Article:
EghtesadOnline: The dollar edged back up towards a 10-month high against the yen on Wednesday, while most major currencies appeared to be looking ahead to Thursday's European Central Bank policy meeting.
The ECB is widely expected to announce an extension to its quantitative easing programme, but there is uncertainty over whether the size of the monthly asset purchases will be kept steady or scaled back, and over whether a formal signal on the eventual end of the asset-purchase programme will be sent, Reuters reported.
If the ECB does say it will start to scale back its asset purchases - so-called tapering - the euro would be likely to rebound following a 4 percent fall against the dollar over the past month, analysts said.
On Wednesday it edged up 0.1 percent to $1.0724. The European currency had slumped on Monday to $1.0505, its lowest since March 2015, in a knee-jerk reaction after Italian Prime Minister Matteo Renzi lost a referendum on constitutional reform and said he would resign.
But it quickly jumped back to a 3-week high of $1.0797 on the same day as a worst-case political scenario for Rome appeared to have been averted for the time being, and as investors turned their attention to the ECB.
"People had gone into the referendum with a very pessimistic view and I think the last five years have taught us that, as far as the euro is concerned, political issues often don't have a lasting impact," said DZ Bank currency analyst Sonja Marten in Frankfurt.
The dollar rose 0.2 percent to 114.20 yen, not far from the peak of 114.83 hit last week, its highest against the Japanese currency since early February. The greenback has surged over 10 percent against the yen in the past month.
Bank of Japan Deputy Governor Kikuo Iwata said on Wednesday that the central bank had not shifted its focus away from the pace of money printing and stressed it remained committed to using both rate cuts and asset purchases as key tools to revive the economy.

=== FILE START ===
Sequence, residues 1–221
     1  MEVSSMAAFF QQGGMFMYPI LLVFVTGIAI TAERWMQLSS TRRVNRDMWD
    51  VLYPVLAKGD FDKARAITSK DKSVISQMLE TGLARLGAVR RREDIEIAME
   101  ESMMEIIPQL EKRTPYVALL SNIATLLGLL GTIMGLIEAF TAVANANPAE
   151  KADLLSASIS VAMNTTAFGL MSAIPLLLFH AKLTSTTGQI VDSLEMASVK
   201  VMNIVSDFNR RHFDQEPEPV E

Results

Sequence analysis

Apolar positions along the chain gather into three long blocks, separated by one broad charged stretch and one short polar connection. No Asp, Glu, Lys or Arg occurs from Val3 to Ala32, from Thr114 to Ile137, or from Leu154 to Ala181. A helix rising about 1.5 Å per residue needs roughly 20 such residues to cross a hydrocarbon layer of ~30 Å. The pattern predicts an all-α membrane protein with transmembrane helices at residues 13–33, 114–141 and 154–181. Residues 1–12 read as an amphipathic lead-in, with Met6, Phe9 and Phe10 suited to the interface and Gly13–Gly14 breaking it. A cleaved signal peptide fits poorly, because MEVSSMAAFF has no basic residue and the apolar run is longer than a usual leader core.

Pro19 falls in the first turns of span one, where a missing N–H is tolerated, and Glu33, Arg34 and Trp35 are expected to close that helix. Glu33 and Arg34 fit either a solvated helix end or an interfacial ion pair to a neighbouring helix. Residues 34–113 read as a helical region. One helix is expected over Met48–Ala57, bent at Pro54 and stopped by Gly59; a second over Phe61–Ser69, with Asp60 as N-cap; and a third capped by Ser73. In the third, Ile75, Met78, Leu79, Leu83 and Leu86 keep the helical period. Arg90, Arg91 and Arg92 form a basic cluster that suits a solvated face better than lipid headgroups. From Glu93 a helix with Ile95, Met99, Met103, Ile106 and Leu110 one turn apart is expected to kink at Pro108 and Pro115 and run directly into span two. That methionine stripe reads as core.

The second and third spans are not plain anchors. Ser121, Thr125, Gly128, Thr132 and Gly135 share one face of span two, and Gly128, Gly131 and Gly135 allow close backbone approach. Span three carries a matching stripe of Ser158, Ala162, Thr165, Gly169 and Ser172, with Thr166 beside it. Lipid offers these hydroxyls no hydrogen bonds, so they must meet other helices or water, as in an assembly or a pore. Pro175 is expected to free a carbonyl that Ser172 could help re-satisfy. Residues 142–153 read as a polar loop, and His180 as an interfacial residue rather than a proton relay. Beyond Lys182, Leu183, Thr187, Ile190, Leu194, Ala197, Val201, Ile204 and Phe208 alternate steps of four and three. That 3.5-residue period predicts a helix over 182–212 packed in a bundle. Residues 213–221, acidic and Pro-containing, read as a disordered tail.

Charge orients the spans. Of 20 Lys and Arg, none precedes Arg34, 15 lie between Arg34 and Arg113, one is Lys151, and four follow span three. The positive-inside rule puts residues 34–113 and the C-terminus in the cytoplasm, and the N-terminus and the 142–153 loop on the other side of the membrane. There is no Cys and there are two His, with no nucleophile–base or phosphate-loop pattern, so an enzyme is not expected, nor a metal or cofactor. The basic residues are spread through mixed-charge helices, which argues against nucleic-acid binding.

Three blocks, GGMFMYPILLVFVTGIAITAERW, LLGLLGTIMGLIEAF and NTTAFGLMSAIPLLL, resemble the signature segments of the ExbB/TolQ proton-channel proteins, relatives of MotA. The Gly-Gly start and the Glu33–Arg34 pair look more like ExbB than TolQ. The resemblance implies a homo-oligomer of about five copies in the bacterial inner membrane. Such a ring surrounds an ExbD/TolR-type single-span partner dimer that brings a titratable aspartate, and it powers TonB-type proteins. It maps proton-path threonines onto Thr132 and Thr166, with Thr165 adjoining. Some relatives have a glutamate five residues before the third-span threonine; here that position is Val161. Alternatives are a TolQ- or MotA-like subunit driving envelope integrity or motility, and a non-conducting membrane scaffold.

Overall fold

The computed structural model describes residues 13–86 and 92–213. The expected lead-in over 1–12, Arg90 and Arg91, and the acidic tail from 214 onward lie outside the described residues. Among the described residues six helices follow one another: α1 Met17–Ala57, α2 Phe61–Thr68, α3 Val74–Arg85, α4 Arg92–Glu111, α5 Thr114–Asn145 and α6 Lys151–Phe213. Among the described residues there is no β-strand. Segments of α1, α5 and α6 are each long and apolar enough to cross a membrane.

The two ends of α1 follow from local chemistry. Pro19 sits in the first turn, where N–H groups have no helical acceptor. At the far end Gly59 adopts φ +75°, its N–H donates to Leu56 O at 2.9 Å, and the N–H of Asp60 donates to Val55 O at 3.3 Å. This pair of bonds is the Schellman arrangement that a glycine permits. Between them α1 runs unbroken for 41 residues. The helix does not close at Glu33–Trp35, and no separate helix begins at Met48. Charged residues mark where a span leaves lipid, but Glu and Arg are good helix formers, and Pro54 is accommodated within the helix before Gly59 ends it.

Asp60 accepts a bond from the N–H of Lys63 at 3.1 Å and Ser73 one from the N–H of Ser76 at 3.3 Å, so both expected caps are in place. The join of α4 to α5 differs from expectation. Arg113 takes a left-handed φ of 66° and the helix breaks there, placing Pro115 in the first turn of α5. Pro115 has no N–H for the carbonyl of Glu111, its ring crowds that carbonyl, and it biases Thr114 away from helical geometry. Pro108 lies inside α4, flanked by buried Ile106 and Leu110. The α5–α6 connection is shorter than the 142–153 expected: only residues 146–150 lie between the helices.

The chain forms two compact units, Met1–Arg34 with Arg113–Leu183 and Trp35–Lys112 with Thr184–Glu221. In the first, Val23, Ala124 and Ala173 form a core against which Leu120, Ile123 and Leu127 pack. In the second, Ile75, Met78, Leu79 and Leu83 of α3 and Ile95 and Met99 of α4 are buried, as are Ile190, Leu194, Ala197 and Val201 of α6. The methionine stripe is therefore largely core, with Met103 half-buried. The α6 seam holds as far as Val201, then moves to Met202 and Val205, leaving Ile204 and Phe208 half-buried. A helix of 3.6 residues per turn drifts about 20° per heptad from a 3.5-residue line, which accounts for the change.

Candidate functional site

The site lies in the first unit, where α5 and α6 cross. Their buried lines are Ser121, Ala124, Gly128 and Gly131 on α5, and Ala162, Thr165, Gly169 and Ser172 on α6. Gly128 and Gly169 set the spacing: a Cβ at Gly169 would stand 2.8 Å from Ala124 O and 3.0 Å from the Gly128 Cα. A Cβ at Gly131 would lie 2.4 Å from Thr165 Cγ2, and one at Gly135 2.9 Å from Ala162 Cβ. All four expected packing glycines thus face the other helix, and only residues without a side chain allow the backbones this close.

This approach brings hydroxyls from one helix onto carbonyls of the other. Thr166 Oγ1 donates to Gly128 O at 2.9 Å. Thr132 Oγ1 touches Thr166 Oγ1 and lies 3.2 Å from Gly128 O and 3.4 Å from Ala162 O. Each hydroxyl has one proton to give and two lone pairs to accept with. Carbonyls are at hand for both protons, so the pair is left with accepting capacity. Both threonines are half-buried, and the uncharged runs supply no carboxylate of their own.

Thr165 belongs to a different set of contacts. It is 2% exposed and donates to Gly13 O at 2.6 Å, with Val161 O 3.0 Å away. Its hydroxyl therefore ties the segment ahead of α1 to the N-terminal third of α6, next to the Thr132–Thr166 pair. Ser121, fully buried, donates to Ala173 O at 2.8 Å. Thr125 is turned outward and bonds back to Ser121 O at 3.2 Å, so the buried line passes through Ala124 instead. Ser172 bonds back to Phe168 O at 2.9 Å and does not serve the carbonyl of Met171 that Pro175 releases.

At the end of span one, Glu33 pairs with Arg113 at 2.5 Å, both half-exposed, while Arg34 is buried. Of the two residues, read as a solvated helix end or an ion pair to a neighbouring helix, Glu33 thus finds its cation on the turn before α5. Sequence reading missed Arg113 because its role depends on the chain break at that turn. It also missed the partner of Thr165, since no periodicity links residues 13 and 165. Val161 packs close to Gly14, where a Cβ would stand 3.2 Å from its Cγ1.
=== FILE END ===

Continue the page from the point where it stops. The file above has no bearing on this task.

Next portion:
"The Fed is hiking rates, the ECB might extend the duration of its programme... but the next big thing is going to be tapering," said Marten. "There's a general move away from adding onto expansionary measures. So the central banks that continue to signal that they are willing to do that stand out."
Against a basket of currencies, the dollar was flat at 100.50, having poked above 102.00 to a 13-1/2-year in late November as U.S. Treasury yields soared on prospects of president-elect Donald Trump adopting large fiscal spending and reflationary policies.
"There are not many factors for the market to trade on ahead of Thursday's ECB meeting, which remains the week's focal point," said Junichi Ishikawa, senior FX strategist at IG Securities in Tokyo. "It could spell the beginning of the end of the Trump rally."
The biggest mover among major currencies was the Australian dollar, which fell as much as 0.6 percent after weaker-than-expected GDP data.
The Canadian dollar was flat ahead of a Bank of Canada policy meeting that is expected to see interest rates left unchanged.